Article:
Where’s the Proof? NSF OIG Provides Insights on Crafting That All-Important Investigation Report

Health Care Compliance Association (HCCA)

Health Care Compliance Association (HCCA)

Report on Research Compliance Volume 20, no. 10 (October, 2023)

Please don’t send uncorrected transcripts of interviews conducted via Zoom or other means to the National Science Foundation (NSF) Office of Inspector General (OIG). Engaging in a “document dump” to OIG also doesn’t serve institutions or federal research misconduct investigators.

As research integrity officers (RIOs) know, making a finding of misconduct—defined as fabrication, falsification or plagiarism—is no small feat. First, there’s the inquiry phase, then, if warranted, a full investigation. Committee members must be impaneled, evidence gathered and protected, witnesses interviewed. The process should be handled with the utmost professionalism and well, integrity to ensure fairness and lack of bias.

And then there’s the report—a written accounting confirming or knocking down the allegations that are sent to the federal oversight agency. For HHS-funded investigators, that is the Office of Research Integrity. When the support comes from NSF, it’s OIG, specifically the Division of Research Integrity and Administrative Investigations in the Office of Investigations.

The tips on transcripts and the warning against a ton of unorganized information come from Valerie Hillgren, an investigative scientist in the division. In July, Hillgren—who joined OIG in 2016 after decades as a research scientist—gave a presentation on writing the report to a select audience of RIOs and others.[1] The meeting was not open to the news media, nor was it recorded. However, OIG posted slides from the workshop, and Hillgren agreed to an interview with RRC.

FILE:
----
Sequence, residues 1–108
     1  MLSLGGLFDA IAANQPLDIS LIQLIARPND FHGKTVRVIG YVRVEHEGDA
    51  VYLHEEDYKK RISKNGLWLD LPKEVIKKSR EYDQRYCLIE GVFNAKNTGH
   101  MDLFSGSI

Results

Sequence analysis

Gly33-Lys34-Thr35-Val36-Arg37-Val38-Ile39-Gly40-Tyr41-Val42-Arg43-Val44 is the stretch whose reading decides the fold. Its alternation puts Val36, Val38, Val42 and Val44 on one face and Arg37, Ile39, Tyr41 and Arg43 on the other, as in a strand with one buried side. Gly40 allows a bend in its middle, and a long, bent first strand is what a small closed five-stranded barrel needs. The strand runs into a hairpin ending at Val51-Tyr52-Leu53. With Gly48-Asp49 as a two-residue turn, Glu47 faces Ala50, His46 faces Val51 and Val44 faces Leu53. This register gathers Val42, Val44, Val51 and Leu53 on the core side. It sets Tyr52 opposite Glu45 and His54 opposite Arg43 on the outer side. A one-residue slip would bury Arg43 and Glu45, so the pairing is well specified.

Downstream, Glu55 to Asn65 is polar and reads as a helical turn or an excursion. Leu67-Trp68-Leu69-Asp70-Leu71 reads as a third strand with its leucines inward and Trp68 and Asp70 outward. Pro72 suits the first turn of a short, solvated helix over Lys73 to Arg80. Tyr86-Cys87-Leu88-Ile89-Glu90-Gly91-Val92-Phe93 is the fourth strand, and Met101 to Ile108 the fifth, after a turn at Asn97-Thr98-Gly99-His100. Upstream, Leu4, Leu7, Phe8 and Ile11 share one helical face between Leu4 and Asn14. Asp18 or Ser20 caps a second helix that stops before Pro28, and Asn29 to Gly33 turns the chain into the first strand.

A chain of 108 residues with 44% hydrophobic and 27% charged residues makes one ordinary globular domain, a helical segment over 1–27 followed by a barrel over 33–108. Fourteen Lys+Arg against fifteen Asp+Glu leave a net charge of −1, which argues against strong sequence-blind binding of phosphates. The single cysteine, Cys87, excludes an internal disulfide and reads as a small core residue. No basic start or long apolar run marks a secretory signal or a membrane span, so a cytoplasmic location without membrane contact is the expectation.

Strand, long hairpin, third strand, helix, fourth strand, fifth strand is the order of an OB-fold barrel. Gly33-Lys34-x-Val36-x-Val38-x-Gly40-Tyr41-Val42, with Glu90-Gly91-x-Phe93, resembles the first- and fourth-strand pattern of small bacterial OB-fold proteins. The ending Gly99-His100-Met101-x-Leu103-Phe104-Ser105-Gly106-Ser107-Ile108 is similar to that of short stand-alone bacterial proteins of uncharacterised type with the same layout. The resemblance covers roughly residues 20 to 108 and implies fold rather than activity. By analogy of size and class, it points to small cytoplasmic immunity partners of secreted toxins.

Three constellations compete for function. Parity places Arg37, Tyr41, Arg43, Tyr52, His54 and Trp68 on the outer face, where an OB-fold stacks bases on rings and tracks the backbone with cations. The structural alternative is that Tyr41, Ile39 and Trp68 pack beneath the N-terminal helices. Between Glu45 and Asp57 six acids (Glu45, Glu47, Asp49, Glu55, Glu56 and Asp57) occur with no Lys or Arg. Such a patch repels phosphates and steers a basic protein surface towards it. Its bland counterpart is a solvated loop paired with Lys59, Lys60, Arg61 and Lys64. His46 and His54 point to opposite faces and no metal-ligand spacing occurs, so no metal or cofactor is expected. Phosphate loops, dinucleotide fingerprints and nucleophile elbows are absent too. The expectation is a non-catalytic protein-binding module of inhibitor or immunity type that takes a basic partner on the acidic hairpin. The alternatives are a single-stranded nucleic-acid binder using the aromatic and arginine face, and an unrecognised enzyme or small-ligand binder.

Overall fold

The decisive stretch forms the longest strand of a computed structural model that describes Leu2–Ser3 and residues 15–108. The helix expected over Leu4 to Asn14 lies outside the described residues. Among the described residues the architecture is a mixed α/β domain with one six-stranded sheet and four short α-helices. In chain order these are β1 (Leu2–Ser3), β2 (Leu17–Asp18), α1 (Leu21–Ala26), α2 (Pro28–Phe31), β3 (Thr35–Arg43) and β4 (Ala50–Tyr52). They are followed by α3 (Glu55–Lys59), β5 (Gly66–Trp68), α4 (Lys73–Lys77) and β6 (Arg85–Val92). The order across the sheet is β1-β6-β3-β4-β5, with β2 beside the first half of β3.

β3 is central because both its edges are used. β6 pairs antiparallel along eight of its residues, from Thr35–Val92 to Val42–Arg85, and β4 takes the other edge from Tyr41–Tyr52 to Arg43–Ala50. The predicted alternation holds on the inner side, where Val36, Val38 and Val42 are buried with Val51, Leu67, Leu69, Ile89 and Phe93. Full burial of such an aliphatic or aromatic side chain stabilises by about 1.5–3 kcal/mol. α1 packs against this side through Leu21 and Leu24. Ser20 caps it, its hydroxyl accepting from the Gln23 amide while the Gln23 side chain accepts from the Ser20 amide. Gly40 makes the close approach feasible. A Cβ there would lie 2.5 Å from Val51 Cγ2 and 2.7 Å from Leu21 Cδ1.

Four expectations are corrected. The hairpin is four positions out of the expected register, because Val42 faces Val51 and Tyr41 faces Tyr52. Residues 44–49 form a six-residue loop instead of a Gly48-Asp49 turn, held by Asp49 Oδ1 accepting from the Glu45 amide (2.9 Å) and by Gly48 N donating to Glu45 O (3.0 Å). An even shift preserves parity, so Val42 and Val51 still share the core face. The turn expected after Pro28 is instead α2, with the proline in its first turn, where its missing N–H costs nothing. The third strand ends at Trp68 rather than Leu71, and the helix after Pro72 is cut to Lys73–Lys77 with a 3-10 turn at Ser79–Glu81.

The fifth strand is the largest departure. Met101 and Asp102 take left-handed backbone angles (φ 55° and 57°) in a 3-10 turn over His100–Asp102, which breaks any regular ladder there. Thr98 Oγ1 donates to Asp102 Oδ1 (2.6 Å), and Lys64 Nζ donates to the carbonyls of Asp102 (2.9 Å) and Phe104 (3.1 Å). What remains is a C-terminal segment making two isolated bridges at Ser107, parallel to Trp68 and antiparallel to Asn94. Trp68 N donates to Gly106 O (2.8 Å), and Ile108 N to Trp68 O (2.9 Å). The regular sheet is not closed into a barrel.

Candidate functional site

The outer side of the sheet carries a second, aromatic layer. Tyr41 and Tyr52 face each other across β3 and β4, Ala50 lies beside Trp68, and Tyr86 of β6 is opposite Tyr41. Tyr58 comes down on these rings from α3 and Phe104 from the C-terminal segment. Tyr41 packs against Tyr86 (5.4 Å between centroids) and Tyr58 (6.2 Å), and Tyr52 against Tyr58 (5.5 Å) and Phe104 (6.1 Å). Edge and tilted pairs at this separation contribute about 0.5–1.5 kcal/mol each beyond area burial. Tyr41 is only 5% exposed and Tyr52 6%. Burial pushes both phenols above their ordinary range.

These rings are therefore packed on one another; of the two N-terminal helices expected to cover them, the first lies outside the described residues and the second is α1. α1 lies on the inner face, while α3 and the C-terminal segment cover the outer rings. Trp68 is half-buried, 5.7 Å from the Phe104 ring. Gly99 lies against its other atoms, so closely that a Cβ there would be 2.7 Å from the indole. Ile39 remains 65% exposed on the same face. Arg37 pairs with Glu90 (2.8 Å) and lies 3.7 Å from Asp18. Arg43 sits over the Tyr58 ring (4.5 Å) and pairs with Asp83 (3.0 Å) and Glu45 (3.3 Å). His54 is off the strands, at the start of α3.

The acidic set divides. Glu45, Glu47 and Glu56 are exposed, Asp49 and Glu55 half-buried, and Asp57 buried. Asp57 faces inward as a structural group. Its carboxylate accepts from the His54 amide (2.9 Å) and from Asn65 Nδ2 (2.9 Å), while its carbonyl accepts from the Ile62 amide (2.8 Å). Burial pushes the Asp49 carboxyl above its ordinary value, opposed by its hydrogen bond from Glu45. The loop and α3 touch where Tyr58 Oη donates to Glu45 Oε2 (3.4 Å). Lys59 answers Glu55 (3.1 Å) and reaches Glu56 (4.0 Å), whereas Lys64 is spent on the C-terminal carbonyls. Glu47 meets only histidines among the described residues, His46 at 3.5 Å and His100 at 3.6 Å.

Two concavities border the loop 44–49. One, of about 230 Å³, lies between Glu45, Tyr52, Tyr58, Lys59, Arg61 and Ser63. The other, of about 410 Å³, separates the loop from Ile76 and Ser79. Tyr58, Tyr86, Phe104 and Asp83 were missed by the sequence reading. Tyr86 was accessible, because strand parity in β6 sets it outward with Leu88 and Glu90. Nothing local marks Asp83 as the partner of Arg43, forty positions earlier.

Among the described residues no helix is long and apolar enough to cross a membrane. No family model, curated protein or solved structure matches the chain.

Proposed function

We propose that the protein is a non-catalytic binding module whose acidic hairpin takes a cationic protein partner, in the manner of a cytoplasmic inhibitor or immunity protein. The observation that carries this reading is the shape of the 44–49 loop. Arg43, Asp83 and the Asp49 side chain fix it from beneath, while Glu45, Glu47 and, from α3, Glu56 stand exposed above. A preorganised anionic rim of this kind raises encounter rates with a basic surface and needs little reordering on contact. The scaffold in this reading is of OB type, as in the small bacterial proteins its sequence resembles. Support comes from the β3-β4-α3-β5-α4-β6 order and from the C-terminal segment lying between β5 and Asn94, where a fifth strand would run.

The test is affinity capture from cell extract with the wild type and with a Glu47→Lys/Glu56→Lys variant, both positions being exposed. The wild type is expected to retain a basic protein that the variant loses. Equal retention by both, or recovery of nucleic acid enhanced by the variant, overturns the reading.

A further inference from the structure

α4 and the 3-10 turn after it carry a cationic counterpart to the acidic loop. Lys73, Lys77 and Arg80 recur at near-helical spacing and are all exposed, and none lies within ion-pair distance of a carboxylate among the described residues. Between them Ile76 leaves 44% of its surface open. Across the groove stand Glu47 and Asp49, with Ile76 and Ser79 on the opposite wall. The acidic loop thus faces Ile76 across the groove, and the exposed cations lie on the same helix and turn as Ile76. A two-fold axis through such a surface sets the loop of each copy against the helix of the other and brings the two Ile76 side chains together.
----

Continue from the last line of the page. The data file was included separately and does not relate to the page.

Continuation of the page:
The first meeting of its kind, OIG planned the workshop to be an in-person event held in the summer of 2020—and then COVID-19 intervened. Three years later, OIG had the workshop but decided to keep it online to make attendance easier, Hillgren told RRC.

The purpose of the meeting was to “familiarize research integrity officers with our office and our procedures. We initially sent the invitation to the RIOs of all the institutions that had received over $1 million in funding from NSF in fiscal year 2022, as well as any RIOs from universities where we may have had cases. And then, we encouraged the RIOs to forward [the meeting information] to other interested parties. The Association of Research Integrity Officers helped us out by including our invitation in their newsletter,” Hillgren explained.

To choose workshop topics, “We brainstormed together and talked about, ‘What are some general things that we would like to get out there, what sort of information would we like to share with the RIOs?’ For us, an important thing is the report that we get back after an investigation because that’s the basis that we use to start our own independent assessment of the facts—the report that they write and the evidence that they give us,” she added.

Although her talk was titled “The Institution’s Investigation Report: Best and Worst Practices,” Hillgren said she spent more time on best practices—and report requirements. “We certainly did not want to appear as if we were trying to call out institutions for subpar reports,” she said. “We view our relationship with the RIOs as a collaborative enterprise. What we were hoping here is that by sharing with them what we need in a report, it would make both of our jobs easier.”

In her remarks and discussion with RRC, Hillgren focused on the final report that an institution develops at the end of an investigation. However, she also addressed the notification related to an inquiry that, in some instances, must be sent to OIG.

[View source.]

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